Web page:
|04-16-2003, 08:15 PM||#1|
love, blood, life
Join Date: Aug 2002
Local Time: 07:49 PM
Moscow Times "the peace is very much about oil"
LUKoil and Iraq__________________
By Stephen O'Sullivan To Our Readers
With the war on Iraq seemingly over, attention is turning to post-Hussein Iraq. Russian interests in the country include past and future trade, debt and oil. LUKoil is the major Russian company involved and the one most at risk of any backlash against non-U.S. companies benefiting from the rehabilitation of Iraq. The concern is real and the risks are genuine, but we believe that LUKoil will retain its place in Iraq's oil sector, although the impact on the company itself will as always take some time to become evident.
Now that the fighting in Iraq is winding down, the belief that if the war itself was not about oil, then the peace is very much about oil, means that one needs to assess Russia's role in a post-Hussein Iraq. For Russia read LUKoil, since the rest of the Russian oil and gas industry has but a small part to play in the early postwar world of the Iraqi oil industry. Those companies that went to Baghdad in the closing days of Hussein's administration will likely be viewed as carpetbaggers, seeking only to establish a position from which to trade out of when a new government takes over.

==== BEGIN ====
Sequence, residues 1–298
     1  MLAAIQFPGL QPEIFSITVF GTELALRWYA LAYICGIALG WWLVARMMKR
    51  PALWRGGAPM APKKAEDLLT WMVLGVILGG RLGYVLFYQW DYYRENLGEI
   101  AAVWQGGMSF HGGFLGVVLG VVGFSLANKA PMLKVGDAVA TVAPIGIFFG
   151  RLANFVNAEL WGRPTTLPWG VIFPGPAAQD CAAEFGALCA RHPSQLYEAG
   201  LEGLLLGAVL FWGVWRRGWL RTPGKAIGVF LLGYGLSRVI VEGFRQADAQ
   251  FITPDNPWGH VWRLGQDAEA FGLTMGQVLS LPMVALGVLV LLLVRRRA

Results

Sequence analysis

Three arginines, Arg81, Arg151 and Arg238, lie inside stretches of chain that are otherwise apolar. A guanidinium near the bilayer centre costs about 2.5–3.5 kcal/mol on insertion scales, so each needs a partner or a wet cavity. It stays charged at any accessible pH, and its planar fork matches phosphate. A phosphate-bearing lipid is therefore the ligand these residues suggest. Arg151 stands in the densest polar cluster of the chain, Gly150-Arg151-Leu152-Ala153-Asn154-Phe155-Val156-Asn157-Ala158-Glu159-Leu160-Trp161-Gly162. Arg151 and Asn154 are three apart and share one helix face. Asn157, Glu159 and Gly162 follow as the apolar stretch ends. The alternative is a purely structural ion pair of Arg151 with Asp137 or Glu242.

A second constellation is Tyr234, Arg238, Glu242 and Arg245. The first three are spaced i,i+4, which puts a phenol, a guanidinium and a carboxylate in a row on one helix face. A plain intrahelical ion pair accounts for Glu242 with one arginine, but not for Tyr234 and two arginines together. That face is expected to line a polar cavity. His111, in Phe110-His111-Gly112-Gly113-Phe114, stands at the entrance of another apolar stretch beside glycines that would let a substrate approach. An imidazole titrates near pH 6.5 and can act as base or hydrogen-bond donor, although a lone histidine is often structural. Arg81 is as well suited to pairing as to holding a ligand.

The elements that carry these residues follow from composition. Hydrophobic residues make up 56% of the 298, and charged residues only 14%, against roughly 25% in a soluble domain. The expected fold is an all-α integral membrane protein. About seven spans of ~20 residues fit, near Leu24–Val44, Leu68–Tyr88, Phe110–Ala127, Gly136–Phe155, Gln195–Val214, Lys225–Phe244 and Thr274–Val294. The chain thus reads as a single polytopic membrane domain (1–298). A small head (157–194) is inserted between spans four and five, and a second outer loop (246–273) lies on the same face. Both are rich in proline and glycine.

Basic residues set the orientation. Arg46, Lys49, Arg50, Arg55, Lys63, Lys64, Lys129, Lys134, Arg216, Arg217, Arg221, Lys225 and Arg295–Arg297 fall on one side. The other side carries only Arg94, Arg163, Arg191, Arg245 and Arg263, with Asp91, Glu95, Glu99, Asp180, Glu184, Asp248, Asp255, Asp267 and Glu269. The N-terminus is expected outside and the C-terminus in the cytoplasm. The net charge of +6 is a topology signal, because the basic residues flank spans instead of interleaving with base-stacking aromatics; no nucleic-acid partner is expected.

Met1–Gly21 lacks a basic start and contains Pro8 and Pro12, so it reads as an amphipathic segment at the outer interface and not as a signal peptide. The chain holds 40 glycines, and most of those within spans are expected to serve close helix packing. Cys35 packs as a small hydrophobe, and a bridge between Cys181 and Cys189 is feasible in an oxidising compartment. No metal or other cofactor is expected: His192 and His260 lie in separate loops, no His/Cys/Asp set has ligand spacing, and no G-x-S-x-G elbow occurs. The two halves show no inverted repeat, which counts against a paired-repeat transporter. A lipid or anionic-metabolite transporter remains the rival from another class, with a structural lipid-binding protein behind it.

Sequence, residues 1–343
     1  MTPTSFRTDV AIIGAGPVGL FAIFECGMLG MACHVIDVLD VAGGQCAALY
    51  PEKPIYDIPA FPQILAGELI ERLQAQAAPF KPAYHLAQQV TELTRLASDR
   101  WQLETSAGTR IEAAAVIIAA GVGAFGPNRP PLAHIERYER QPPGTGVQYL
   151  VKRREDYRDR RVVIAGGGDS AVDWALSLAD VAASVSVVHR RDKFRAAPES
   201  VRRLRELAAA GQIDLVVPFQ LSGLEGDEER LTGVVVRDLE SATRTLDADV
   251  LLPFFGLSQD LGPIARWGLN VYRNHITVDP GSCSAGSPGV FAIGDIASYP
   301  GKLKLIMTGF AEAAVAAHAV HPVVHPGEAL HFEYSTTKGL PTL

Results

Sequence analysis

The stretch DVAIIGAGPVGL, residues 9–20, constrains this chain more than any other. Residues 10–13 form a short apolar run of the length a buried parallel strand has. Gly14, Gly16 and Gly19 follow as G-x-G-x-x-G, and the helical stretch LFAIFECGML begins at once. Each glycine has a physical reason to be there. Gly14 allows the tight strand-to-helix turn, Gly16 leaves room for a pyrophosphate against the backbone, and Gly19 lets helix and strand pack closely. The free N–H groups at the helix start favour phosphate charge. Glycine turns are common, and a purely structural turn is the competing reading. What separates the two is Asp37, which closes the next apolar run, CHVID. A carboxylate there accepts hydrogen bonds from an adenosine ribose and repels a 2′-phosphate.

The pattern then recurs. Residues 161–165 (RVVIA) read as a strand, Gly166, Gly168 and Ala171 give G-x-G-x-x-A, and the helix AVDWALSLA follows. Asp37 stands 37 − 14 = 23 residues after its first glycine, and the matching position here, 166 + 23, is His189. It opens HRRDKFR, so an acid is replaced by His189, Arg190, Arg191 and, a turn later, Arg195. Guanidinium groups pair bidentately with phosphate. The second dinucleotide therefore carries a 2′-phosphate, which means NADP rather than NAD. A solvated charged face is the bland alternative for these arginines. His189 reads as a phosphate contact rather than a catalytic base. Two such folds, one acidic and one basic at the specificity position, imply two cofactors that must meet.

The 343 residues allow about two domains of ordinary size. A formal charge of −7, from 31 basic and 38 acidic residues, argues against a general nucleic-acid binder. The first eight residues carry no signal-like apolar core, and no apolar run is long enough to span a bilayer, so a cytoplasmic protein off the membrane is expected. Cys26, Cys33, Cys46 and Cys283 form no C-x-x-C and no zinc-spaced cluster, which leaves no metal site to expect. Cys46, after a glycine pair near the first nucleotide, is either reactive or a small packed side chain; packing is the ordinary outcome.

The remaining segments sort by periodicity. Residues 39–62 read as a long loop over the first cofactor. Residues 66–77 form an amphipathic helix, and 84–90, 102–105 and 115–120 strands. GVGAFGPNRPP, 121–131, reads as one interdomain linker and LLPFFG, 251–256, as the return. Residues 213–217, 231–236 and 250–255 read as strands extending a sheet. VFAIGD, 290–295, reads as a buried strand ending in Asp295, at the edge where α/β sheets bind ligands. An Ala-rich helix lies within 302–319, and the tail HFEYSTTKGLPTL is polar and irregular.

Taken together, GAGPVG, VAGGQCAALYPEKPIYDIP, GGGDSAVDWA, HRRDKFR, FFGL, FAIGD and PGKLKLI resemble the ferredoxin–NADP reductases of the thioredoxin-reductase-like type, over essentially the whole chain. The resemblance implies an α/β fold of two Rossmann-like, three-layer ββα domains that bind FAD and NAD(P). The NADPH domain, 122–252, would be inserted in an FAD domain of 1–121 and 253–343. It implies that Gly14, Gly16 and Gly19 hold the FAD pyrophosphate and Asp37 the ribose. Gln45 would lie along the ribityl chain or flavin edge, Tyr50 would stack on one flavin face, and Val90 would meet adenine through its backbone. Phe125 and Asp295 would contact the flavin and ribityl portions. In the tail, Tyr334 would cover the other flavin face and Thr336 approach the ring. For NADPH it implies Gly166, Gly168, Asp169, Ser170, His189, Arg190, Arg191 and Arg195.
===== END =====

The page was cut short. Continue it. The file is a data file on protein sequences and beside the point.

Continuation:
LUKoil is the longest-serving Russian company in Iraq, having signed its original contract to develop the West Qurna field in 1997. The field contains 7.8 billion barrels of recoverable reserves, making it one of the largest in Iraq. LUKoil and its partners Zarubezhneft and Mashinoimport have held the licence since the 1997 signing but have not carried out any development because to have done so would have breached the UN sanctions imposed on the country.